Spread of Islamic Threat

It is not very often that the Herald Sun writes an in depth editorial on the values underlying Australian society. But largely in response to the Sydney siege, today’s editorial attempts this (see Standing Up for Our Values below) and draws particular attention to Islamic extremism viz

“There has been a failure by too many people to accept that Islamic extremism is a clear and present danger, in the language of intelligence agencies, and that it must be recognised as such. This also requires greater tolerance by the community in its attitude to the vast majority of Muslims, who pose no threat to anyone.”

The editorial might have gone on to refer not only to “people” who fail to see the “clear and present danger” but also to governments, both here and overseas. This article here on the situation that has developed in Germany should have already sounded a red alert here in Australia.

The article was written two years ago by a senior fellow of the Gatestone Institute in the US, whose chairman is John Bolton,  former U.S. Permanent Representative to the United Nations, from 2005 to 2006, and Undersecretary of State for Arms Control and International Security, from 2001 to 2005. This think tank is “dedicated to educating the public about what the mainstream media fails to report”, with particular reference to Middle East and Muslim populations. Relevant points in the article include:

  • The German Muslim population rose from 50,000 in 1980 to more than 4.5 mn;
  • Germany has over 200 mosques, 2,600 prayer halls and many unofficial mosques. Since 2001 over 500 traditional religion churches have been closed;
  • Islamic radicals have distributed 25 million copies of the Koran free and a parallel legal system based on sharia law exists;
  • Salafist preachers regularly preach hatred against the West (Salafism = radical Islam);
  • The German Intelligence Chief warned of a great risk of attacks by Islamic extremists;
  • One study shows 64% of Germans believe Islam is prone to violence and only 13% associate Islam with love for neighbours. So much for the “peaceful” religion!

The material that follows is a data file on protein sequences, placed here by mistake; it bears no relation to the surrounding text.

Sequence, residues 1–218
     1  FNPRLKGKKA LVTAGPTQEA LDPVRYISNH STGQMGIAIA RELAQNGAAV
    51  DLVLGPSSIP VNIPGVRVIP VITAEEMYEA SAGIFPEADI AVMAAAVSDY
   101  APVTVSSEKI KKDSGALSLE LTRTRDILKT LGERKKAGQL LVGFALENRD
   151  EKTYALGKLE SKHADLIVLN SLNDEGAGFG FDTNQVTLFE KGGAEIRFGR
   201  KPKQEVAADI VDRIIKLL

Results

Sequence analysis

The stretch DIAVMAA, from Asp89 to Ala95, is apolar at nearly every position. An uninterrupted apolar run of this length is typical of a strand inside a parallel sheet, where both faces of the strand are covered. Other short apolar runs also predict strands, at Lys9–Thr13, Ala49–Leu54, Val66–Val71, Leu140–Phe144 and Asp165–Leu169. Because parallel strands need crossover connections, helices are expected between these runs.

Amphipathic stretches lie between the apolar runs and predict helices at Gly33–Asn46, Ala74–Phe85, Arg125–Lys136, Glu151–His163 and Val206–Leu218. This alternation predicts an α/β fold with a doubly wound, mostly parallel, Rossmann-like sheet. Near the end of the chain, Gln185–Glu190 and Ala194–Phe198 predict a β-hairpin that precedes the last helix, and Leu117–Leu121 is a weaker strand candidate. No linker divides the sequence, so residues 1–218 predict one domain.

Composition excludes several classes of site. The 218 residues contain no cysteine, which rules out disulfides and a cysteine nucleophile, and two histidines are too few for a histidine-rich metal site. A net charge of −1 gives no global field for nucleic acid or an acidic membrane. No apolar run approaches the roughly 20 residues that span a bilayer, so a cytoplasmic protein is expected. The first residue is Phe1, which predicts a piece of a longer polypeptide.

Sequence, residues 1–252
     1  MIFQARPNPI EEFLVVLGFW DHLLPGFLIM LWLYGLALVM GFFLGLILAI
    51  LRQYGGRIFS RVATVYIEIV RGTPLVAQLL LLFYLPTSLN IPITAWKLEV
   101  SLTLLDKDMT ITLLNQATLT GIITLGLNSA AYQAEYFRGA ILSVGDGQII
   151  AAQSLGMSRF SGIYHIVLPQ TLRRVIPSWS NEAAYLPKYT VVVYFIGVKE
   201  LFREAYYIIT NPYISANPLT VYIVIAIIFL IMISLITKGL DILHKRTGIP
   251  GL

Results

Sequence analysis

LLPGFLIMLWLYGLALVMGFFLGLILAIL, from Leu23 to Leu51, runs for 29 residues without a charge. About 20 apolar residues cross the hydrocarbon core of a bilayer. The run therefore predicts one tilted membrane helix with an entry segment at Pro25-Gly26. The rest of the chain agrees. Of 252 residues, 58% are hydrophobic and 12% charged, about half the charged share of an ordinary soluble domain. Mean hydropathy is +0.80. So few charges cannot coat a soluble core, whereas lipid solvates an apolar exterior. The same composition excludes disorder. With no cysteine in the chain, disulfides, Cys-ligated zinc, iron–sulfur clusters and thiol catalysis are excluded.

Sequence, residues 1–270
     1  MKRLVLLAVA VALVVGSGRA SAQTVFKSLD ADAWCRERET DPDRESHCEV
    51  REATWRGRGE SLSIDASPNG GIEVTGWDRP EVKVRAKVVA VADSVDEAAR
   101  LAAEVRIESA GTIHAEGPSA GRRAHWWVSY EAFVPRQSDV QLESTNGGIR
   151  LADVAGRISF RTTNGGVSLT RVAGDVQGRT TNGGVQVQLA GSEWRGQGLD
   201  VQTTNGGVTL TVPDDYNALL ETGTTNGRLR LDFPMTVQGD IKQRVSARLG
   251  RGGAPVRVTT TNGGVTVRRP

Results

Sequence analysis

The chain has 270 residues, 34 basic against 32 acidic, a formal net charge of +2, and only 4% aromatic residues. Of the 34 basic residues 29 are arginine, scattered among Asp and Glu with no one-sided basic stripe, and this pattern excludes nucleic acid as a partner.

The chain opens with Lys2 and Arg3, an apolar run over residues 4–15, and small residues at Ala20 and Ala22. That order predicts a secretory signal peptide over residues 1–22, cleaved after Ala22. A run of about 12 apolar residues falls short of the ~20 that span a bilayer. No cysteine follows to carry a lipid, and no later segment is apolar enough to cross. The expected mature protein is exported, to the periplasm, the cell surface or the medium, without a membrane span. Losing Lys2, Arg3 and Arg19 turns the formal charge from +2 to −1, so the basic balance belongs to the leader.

Australia has had warnings from our ASIO chief and the Abbott government has received bipartisan support for anti-terrorism legislation and for additions to counter-terrorism agencies. But a considerable proportion remain either ignorant of the extent of the problem or unwilling to accept the need for counter measures. For example, The Age recently quoted a Professor of Human Rights at Monash as saying “the danger of terrorism is completely inflated”. This indicates the need for the Abbott government to pick up the theme in the Herald Sun editorial, to publish a wide ranging paper on the issue illustrating the change in our value system if we allow a penetration of Islam along German lines, and to take further measures to diminish that risk.

It is not possible to spell out here what possible measures might be taken. In previous commentaries I have suggested some arising from the Sydney siege shambles. But one that escaped my attention until I completed reading the Week End Australian is the worrying situation that seems to have developed in handling applicants for migration, including those seeking to come as refugees, and for citizenship (see below How the Screen Door of Citizenship Has Been Left Open to Criminal Elements).

As the article is read through it quickly becomes clear that, even though the Administrative Appeals Tribunals have members who are apparently well educated, they have a very limited capacity to make decisions in the national interest. I could not help thinking that this establishment of an agency with powers to make decisions which over-rule those of the Minister in the government that has been elected has some parallels with the powers given to the agency making decisions on workplace relations – the misnamed Fair Work Commission. Both agencies seem to have developed their own “philosophy” on how to determine what is “fair” and neither are exposed to electoral processes.

Most of the article’s critiques of decisions relate to those who had a criminal record (which included of course the Iranian gunman). But note that the grants of citizenship (which requires applicants to be of “good character”) have surged two-thirds in the past two years to nearly 160,000 in 2013-14. Note also that many grants were made to those from countries where the Muslim religion dominates. The recommendation made in the National Security Legislation Monitor report that the Minister have the power to revoke the Australian citizenship of dual nationals seems a minimal reform of immigration policy.

PS We can be thankful that, unlike those subject to the Islamic State, we are not subject to the punishments listed in its penal code on 15 December 2014. Only 80 lashes for drinking alcohol. Death for many other “offences”. I risk here wishing all a very happy Christmas and New Year.

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